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Charter school sponsorship not always seen as higher education’s higher calling

Jared Leppert, a graduate student at the University of Missouri-St. Louis, conducts a learning test with a student at St. Louis College Prep on Monday, May 8, 2017. The charter school hired Leppert as an intern.
Ryan Delaney | St. Louis Public Radio
Jared Leppert, a graduate student at the University of Missouri-St. Louis, conducts a learning test with a student at St. Louis College Prep. The charter school hired Leppert as an intern from UMSL, which sponsors the school.

Missouri lawmakers assigned higher education institutions primary oversight of charter schools when authorizing them 20 years ago. Universities know a thing or two about schools, after all.

It’s not the norm when it comes to charter schools in the United States, though, as a majority of the 42 states (and Washington, D.C.) put the independent schools’ governance in the hands of a local school board.
It’s a logical choice to give universities the job of making sure these schools do everything they promise they will — and closing them if they don’t, according to National Association of Charter School Authorizers president Greg Richmond.

“I think universities can do a great job at sponsoring charter schools,” he said. “No. 1, they’re educational institutions, so they know something about education. And they have a lot of advantages to do the work well.”

Some higher education institutions in Missouri are more focused on compliance and accountability rather than providing teacher support for charter schools, which are tuition-free public schools that operate independently from local school districts.

Others have stepped away from sponsorship because it doesn’t fit into the school’s mission or they’re too far away from St. Louis to provide much support or oversight.

Close relationship or hands off?


There are advantages to charter schools having the full resources of a university at their fingertips. St. Louis College Prep was able to hire a graduate student from its sponsor, the University of Missouri-St. Louis, to serve as a part-time social worker in the high school.

“It actually saved us a ton of money,” College Prep executive director Mike Malone said.

Malone described the role of UMSL’s charter school office, which also provides small teacher training grants, as that of a good sports coach.

“He’s teaching you how to kick the right way, but ... if you’re not doing your job he pulls you off the field and sits you on the bench,” Malone said.

Bill Mendelsohn is UMSL charter school office's executive director. He believes the sponsor should have “a very, very close relationship with the school, and the school leaders.” But Richmond says not every sponsor thinks that way.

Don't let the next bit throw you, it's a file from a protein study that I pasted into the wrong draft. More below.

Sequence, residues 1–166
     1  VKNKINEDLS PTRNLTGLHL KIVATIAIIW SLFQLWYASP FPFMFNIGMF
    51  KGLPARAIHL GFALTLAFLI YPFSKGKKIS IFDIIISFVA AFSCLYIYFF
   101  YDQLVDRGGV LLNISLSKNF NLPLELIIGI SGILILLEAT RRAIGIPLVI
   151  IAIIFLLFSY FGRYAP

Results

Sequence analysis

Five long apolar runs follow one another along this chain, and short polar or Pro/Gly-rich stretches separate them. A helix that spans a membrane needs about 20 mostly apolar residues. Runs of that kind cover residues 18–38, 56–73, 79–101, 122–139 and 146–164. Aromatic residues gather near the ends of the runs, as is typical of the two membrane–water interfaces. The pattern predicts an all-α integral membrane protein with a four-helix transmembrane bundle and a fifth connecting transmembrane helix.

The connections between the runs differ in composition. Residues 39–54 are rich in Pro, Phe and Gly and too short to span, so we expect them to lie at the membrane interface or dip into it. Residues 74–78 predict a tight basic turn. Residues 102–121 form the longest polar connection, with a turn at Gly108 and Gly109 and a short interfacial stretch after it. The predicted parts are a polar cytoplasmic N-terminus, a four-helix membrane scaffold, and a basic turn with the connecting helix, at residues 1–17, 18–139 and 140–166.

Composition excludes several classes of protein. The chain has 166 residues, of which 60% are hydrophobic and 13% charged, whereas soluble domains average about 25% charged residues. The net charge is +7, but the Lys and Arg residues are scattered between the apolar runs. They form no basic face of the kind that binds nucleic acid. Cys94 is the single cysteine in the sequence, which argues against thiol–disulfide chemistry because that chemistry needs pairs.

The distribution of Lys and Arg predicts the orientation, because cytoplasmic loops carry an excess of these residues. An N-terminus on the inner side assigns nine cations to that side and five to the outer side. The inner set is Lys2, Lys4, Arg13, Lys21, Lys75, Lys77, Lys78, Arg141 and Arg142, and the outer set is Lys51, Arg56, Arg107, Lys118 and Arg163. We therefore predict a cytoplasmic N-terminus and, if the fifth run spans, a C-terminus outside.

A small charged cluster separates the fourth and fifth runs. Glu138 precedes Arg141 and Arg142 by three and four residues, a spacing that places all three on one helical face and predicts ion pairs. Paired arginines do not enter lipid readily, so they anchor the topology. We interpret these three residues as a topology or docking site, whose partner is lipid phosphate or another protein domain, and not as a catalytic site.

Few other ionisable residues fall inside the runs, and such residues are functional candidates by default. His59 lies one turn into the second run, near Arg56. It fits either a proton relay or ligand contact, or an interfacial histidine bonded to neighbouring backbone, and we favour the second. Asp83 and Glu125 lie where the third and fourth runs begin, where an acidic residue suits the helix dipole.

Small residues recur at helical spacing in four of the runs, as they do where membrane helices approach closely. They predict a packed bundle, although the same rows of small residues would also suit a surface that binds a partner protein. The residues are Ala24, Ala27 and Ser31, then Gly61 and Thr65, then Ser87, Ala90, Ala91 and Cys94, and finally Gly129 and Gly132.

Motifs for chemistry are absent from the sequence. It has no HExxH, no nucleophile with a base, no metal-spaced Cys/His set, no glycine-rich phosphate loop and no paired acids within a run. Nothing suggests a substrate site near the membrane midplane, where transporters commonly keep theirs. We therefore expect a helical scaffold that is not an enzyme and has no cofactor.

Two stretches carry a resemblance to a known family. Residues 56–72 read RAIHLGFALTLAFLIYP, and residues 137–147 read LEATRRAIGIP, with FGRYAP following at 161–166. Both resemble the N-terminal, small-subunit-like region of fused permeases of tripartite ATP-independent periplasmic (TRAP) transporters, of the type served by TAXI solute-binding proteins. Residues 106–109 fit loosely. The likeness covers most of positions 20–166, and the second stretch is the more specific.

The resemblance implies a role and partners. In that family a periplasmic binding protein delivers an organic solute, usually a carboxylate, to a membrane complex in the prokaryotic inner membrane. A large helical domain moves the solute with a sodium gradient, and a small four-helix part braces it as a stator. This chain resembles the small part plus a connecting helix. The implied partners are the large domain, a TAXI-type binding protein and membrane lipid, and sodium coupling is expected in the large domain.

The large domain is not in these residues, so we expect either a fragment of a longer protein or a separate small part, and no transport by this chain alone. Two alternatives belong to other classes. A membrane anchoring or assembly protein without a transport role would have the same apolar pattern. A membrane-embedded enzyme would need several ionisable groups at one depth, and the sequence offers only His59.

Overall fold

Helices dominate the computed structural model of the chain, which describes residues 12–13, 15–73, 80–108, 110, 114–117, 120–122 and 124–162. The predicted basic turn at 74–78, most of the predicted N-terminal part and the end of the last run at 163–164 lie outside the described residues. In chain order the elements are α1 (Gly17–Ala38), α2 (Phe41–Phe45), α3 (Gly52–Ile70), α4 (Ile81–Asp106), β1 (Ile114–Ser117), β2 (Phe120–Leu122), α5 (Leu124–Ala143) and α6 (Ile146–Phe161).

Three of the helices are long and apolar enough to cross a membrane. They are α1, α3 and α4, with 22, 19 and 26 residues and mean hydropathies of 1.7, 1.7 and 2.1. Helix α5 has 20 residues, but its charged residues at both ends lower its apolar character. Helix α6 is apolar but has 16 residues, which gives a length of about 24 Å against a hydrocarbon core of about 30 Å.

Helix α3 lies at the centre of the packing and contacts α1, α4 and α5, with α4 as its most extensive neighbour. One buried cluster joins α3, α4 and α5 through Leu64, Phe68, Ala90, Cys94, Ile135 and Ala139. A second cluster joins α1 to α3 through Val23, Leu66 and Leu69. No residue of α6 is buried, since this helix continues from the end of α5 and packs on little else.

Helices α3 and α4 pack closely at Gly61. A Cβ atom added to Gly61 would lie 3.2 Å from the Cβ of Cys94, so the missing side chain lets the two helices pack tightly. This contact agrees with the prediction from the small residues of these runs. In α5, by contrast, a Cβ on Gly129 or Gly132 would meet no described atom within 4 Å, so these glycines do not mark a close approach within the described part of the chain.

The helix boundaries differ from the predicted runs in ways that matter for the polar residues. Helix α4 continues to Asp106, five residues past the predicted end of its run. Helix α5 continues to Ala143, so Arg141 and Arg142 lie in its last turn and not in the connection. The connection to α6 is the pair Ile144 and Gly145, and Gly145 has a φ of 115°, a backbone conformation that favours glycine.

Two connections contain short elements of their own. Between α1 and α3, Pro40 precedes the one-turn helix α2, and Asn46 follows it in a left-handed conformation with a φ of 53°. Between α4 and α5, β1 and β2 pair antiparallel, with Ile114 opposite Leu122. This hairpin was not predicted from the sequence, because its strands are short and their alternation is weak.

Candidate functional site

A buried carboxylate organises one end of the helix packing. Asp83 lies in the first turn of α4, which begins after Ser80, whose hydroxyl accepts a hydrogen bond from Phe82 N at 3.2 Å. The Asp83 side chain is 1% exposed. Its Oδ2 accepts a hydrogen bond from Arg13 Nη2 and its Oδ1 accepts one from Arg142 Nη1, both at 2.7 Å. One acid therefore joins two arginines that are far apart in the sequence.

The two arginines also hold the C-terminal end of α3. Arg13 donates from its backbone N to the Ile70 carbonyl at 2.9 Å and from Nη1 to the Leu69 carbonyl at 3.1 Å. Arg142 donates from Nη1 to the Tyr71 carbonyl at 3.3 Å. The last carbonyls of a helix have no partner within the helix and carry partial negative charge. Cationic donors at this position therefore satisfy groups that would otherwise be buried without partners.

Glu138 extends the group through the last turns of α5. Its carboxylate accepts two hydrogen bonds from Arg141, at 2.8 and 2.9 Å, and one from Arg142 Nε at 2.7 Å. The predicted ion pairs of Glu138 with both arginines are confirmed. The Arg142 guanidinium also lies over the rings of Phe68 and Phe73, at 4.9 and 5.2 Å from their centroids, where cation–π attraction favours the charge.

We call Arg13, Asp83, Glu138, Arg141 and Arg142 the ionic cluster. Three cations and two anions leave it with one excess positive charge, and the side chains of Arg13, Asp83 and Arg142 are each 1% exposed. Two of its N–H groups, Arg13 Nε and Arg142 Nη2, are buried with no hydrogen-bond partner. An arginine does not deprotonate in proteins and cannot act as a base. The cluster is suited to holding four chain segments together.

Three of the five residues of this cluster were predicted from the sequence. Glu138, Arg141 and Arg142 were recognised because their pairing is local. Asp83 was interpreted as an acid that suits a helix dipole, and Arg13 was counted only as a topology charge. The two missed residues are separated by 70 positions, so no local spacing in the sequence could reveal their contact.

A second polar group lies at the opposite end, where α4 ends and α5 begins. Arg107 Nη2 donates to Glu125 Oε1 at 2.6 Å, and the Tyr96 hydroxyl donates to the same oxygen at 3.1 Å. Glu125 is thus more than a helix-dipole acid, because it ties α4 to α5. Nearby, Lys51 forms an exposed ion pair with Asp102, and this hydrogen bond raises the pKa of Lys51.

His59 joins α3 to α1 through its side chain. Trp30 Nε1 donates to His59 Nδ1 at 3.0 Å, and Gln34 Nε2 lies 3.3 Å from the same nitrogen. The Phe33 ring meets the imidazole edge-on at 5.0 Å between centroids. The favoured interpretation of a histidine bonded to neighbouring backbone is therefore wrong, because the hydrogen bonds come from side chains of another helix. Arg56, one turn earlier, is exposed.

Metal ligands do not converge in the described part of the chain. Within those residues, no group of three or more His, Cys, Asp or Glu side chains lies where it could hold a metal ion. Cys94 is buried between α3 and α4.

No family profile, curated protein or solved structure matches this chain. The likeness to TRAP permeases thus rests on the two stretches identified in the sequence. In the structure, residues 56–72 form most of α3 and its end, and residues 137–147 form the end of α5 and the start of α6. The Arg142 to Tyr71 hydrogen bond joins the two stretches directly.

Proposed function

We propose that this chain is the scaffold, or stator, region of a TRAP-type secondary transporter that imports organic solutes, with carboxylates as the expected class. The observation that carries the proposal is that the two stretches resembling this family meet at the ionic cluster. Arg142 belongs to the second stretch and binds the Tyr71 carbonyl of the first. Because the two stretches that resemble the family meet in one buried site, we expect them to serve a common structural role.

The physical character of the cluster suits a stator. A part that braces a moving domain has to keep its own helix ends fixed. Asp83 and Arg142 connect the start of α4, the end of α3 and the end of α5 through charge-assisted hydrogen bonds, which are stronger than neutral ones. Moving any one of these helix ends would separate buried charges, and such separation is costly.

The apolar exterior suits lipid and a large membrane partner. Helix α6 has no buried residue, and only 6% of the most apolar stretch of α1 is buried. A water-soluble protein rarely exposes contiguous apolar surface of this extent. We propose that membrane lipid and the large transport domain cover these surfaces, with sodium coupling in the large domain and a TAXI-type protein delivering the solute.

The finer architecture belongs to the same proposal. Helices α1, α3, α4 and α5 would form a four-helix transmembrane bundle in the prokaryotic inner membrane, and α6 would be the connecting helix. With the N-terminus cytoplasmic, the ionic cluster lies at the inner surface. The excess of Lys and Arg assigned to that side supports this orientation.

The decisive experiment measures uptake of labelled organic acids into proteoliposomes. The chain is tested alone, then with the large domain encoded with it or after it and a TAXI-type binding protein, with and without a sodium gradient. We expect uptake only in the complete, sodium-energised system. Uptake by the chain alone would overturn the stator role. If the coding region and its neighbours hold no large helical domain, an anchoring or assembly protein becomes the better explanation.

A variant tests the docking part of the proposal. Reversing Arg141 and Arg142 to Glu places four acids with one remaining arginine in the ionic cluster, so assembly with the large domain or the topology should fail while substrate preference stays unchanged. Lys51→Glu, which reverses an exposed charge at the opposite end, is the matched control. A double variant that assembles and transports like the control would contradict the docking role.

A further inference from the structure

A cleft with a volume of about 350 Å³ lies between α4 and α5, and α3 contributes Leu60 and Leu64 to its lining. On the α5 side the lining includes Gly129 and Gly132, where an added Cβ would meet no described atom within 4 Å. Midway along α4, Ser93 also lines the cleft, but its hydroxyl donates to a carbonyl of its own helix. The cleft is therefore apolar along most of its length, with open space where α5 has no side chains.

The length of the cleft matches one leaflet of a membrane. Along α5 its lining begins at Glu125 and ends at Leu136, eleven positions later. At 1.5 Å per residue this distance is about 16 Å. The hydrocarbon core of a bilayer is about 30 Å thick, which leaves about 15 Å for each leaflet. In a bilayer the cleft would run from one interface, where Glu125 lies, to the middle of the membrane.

“Frankly, it’s a lot of hands-off monitoring,” he said.

That’s the University of Missouri-Columbia’s approach. It closed two St. Louis charter schools last year.

Trina Clark James, the founder of one of those closed schools, Jamaa Learning Center, said it got little support. “They just weren’t as invested,” she said.

But Lisa Weaver at Mizzou’s charter office argued that Jamaa had consultants to advise on staff development and financial management, adding, “but I think we need to make it clear that it is not our job to provide support. As a sponsor, our job is to hold them accountable to their charter.”

Why sponsor?

Remember how Richmond said colleges and universities can be great sponsors? There’s more to that.

“No university exists for the purpose of monitoring charter schools,” he said. “They exist to run their university, and chartering is always just a side line, rather than a core function of a university.”

So, why do it? Well, there is some, but not a lot, of state funding that comes to sponsors — 1.5 percent of what goes to each student in their charter schools.

“Yeah, I don’t think anybody’s getting rich off of that,” said Mike Petrilli, president of the Fordham Institute, an education think tank. “To do authorizing right, you gotta have staff.”

And staff is where most of the money goes, because, in Missouri, the money allocated to a sponsor has to be used for monitoring its schools.

Sponsoring one or two schools nets a sponsor less than $125,000 a year. UMSL has the largest charter school portfolios of any sponsors in St. Louis, collecting $361,494 last year. With only two staff members in the office, Mendelsohn said his office was able to spend $115,326 on grants to the charter schools.

Another reason to a sponsor: Lawmakers asked colleges like Missouri S&T and Southeast Missouri State University to do it when charters were introduced. But S&T no longer sponsors and SEMO never expanded beyond its first one. Both schools cited distance from St. Louis as a reason they stopped or aren’t expanding.

For others, it fits into the college’s mission.

“It’s fundamentally an expression of our outreach and service to the community,” Saint Louis University Assistant Provost Steve Sanchez said.

And because university interest in sponsoring charter schools is subject to change, more states are creating independent commissions to exclusively authorize them, which Missouri did in 2012. The commission has sponsored one school in Kansas City so far.

St. Louis Public Radio is licensed to the University of Missouri Board of Curators, which also governs UMSL and Mizzou. The radio station is editorially independent.

Follow Ryan on Twitter: @rpatrickdelaney

Ryan was an education reporter at St. Louis Public Radio.